An evening of one-act plays can serve many purposes. It can showcase the various writings of a single playwright, or it can assemble plays by different authors that share and/or illuminate a single theme. Or it can be a way for a theatre company to provide acting, writing, and directing opportunities for its members. This production seems to belong to the third category, offering us plays by eight writers with seven directors and 25 actors. In such a miscellany, the results are inevitably uneven.
In Joseph Gallo's impressionistic fragment Star Song, directed by Robert Cicchini, three friends (Vanessa Waters, Chelsea Povall, and Julie Devine) go on an adventurous bobsled ride. Safe, by James McLindon, directed by Steven Friedland, is a clever and enjoyable piece concerning an engaged couple (stylishly played by Josh Allen and Jenni Fontana) whose relations almost founder over whether or not to open a safe left in her apartment by a previous tenant. Jordan Lund directs Jerry Lambert's farcical shaggy-dog story Joey, about a married couple (Cameron Meyer and Byron Field) who have a very unusual baby (Floyd Lewis). In Saver, by Mark Harvey Levine, directed by Alli Steinberg, practical and unsentimental David (Joe Bays) wants to throw out the space-consuming but precious mementos collected by his elderly father (Ronald Hunter). The funniest of the plays is Jack Kenny's sitcomlike The Birds Sing Too Loud, directed by Elise Robertson, in which a young Hollywood commercial director (Jerry Goble) is driven to futile violence by a visit from his two hilariously critical and judgmental aunts (Bryna Weiss and Emma Messenger).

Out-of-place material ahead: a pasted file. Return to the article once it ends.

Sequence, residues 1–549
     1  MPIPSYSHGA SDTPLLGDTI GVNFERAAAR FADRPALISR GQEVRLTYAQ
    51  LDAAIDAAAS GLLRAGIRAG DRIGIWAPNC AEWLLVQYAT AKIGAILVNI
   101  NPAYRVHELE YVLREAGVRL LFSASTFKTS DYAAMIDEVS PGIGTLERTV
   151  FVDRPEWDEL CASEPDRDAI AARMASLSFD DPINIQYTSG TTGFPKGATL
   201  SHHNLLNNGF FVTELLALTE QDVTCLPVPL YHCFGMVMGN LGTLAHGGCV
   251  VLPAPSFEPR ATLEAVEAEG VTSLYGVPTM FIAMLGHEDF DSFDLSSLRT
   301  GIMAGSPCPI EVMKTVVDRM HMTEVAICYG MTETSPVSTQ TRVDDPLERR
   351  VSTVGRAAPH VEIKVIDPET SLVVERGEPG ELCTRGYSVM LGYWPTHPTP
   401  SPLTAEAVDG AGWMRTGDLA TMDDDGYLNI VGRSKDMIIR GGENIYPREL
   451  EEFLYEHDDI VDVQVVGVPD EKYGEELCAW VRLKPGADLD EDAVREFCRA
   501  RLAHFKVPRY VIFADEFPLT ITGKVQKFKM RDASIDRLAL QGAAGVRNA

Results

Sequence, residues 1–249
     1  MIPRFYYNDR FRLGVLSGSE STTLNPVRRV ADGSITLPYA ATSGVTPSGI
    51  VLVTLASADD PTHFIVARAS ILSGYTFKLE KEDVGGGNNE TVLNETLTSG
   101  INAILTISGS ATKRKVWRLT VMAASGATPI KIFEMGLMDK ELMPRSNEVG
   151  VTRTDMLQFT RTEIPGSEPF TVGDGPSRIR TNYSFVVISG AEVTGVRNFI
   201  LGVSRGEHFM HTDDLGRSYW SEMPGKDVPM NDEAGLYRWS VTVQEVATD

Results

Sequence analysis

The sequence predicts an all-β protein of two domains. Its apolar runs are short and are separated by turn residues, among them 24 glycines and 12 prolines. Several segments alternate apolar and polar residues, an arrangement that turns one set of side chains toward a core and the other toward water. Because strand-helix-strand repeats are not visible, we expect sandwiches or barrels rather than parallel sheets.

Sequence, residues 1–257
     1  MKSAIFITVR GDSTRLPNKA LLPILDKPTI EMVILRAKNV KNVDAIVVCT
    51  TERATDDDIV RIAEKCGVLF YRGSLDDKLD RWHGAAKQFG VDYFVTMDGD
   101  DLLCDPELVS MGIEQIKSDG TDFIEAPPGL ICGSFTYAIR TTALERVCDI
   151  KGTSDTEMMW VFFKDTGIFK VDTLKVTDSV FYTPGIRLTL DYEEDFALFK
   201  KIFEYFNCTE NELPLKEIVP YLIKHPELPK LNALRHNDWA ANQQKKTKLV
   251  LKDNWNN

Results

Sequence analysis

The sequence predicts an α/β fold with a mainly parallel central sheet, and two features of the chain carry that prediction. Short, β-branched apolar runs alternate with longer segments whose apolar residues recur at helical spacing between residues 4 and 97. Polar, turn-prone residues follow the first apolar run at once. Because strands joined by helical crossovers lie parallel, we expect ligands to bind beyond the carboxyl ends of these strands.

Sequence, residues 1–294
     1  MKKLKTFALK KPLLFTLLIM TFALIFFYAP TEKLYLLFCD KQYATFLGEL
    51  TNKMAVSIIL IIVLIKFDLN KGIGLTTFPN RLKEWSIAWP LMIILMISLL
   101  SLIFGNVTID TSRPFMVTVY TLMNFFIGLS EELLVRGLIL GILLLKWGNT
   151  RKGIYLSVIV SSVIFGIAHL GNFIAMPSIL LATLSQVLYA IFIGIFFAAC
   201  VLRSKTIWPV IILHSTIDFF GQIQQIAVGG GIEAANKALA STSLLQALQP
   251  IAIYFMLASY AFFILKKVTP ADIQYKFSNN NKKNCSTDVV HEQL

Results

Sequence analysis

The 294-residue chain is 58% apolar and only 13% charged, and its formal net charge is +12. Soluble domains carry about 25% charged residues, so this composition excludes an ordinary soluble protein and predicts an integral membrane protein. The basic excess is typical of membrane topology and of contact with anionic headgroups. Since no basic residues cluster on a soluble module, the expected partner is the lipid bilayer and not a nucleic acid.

Stephen McFeely's Phyllis and Eliot, directed by Robertson, centers on lovers (Susan Ziegler and Steven O'Mahoney) whose compulsively witty sparring makes it difficult for them to come together but never quite drives them apart. The Regular Thursday Night, written, directed, and acted by Joe Bays, concerns a man whose ailing wife died during one of his regular visits with a Las Vegas prostitute (Stacy Cole). And the fantasy Moon Man, written by Jami Brandli and directed by Jack Stehlin, concerns a widow (Jill Gascoine) who is visited -- or thinks she's visited -- by the Man in the Moon (Daniel Hart Donoghue), to the discomfiture of her literal-minded son (Tom Groenwald).
It's an enjoyable evening of theatre, well-produced and engagingly acted.
Presented by and at Circus Theatricals Studio Theatre at the Hayworth,
2511 Wilshire Blvd., L.A.
Tue. 8 p.m. Jan. 29-Mar. 11.
(323) 960-1054. ww.circustheatricals.com.